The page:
The Gotha G.IV was a heavy bomber used by the Luftstreitkräfte (Imperial German Air Service) during the First World War. Experience with the Gotha G.III showed that the rear gunner could not efficiently operate both the dorsal and ventral positions. Hans Burkhard's ultimate solution was the “Gotha tunnel,” a trough connecting an aperture in the upper decking with a large opening extending across the bottom of the rear fuselage. The Gotha tunnel allowed a gunner at the dorsal position to depress his gun into the aperture and fire through the fuselage at targets below and behind the bomber. A ventral machine gun could still be mounted, and there was even a provision for a fourth machine gun on a post between the pilot's and bombardier's cockpits, although this was rarely carried due to the weight penalty it imposed on the bombload.
The G.IV introduced other changes. The fuselage was fully skinned in plywood, eliminating the partial fabric covering of the G.III. Although it was not the reason for this modification, it was noted at the time that the plywood skinning enabled the fuselage to float for some time in the event of a water landing. Furthermore, complaints of poor lateral control, particularly on landing, led to the addition of ailerons on the lower wing.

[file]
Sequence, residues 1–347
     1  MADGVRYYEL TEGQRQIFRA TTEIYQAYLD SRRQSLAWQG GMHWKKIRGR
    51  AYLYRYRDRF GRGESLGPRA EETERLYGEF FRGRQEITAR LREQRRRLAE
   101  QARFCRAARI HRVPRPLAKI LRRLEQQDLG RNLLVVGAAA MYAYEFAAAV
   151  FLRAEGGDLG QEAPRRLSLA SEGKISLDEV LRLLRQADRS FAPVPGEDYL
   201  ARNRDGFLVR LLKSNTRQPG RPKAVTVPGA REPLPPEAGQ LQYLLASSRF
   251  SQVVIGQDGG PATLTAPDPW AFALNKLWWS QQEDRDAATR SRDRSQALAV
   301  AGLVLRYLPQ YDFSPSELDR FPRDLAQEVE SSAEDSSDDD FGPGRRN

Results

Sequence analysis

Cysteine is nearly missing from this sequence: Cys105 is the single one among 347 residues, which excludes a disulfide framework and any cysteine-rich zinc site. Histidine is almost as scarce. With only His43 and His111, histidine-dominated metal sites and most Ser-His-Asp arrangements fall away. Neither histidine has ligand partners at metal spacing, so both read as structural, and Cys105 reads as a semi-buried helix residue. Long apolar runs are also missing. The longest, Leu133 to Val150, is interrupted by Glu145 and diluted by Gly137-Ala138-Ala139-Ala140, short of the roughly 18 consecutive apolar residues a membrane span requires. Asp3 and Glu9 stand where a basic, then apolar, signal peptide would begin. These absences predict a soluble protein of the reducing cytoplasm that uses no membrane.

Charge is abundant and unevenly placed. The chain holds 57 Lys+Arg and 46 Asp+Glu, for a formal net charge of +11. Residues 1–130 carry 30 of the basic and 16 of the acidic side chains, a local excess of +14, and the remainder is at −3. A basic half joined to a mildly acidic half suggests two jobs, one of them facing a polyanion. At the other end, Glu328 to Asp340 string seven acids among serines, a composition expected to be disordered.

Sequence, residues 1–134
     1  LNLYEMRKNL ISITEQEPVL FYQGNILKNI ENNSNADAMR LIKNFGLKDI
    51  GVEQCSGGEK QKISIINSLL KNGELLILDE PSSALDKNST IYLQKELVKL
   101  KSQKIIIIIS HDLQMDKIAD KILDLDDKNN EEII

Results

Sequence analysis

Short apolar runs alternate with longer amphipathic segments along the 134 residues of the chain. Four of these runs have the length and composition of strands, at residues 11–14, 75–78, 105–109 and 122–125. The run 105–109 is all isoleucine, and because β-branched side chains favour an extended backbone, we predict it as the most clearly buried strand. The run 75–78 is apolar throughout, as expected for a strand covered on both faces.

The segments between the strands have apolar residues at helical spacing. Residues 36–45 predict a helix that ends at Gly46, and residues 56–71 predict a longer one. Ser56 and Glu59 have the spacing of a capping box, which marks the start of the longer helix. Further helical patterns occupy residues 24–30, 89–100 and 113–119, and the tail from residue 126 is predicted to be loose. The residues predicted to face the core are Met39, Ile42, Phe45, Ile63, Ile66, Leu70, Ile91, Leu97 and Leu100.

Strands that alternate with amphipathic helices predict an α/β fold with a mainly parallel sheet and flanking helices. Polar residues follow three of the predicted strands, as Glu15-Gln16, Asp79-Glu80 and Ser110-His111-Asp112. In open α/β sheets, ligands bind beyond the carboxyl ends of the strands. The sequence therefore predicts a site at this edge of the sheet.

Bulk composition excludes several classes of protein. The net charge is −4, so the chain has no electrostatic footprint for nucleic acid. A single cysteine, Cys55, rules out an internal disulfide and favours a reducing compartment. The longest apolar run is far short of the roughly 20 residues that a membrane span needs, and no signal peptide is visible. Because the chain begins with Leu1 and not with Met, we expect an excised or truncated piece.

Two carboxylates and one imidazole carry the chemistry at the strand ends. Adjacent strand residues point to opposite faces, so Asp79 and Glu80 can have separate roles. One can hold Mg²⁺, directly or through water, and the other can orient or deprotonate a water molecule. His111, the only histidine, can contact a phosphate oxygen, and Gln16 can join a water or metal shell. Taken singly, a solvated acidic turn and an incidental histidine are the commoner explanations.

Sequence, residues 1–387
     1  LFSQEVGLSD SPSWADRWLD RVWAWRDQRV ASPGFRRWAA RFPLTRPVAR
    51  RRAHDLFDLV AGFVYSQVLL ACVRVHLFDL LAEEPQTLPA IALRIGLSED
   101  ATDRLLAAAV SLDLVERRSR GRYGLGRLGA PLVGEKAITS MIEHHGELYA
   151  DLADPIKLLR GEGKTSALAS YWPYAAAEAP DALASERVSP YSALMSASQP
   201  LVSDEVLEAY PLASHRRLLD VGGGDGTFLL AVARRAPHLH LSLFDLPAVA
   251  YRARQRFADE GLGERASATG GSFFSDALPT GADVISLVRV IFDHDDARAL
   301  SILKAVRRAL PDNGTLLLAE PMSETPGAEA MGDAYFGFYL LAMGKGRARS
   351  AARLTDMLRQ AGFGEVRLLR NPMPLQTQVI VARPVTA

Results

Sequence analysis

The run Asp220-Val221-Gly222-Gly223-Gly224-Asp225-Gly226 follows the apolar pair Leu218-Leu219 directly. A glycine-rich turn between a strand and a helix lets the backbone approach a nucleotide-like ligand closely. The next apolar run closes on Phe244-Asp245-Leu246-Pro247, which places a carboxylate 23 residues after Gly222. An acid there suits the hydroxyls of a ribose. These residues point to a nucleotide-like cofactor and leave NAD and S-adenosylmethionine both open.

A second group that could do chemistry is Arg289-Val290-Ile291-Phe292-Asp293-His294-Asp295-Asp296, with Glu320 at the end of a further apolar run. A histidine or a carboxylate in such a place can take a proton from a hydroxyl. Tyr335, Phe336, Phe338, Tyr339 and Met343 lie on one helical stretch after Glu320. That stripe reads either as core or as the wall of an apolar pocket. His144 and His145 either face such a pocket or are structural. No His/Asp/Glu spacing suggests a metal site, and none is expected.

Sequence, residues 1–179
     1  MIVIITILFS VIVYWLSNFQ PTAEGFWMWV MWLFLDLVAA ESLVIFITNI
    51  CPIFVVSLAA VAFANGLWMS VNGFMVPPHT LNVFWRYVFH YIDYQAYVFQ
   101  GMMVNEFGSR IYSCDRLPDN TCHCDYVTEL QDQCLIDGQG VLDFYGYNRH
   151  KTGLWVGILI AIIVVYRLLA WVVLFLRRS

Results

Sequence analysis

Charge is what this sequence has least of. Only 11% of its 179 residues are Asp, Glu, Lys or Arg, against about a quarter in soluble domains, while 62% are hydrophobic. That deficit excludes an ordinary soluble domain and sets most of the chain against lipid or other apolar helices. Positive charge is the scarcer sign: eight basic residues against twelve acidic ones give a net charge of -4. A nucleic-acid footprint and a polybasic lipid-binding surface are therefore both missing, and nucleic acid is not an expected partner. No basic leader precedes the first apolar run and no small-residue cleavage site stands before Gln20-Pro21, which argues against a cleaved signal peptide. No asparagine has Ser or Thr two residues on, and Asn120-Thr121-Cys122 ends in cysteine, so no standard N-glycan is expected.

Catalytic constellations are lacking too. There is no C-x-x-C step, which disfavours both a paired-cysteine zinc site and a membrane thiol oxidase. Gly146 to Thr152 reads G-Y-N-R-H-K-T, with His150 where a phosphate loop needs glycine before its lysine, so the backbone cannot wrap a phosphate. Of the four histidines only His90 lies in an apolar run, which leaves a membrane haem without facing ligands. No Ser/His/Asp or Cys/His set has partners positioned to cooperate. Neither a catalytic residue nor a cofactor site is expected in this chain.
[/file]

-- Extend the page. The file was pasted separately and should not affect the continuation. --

In November 1916, Gothaer received a production order for 35 aircraft; this was subsequently increased to 50 in February 1917. A further 80 aircraft were ordered from the Siemens-Schuckert Werke (SSW) and 100 from Luft-Verkehrs-Gesellschaft (LVG). Compared to the Gothaer aircraft, these license-built aircraft were slightly heavier and slower because Idflieg specified the use of a strengthened airframe. In order to counteract this, SSW built a number of highly-modified examples, including one driven by tractor instead of pusher engines, one with an extra bay added to its wing cellule, two with a new airfoil section for the wings, and one with a supercharger. None of these modifications had been fully evaluated by the end of the war. Late-production SSW G.IVs also usually incorporated the Stossfahrgestell auxiliary nosewheels and Flettner servo tabs developed for the G.V. Responding to a different performance issue, LVG overcame the tail heaviness of its machines by increasing the sweepback of the wings. Late production SSW and LVG built G.IVs were already obsolete as bombers, and many were finished as training aircraft with lower performance engines (Argus As.III or NAG C.III). Additionally, the SSW-built trainers relocated the fuel tanks from the engine nacelles to within the fuselage, as on the G.V.
All other surviving Gotha aircraft were destroyed in accordance with the terms of the Treaty of Versailles.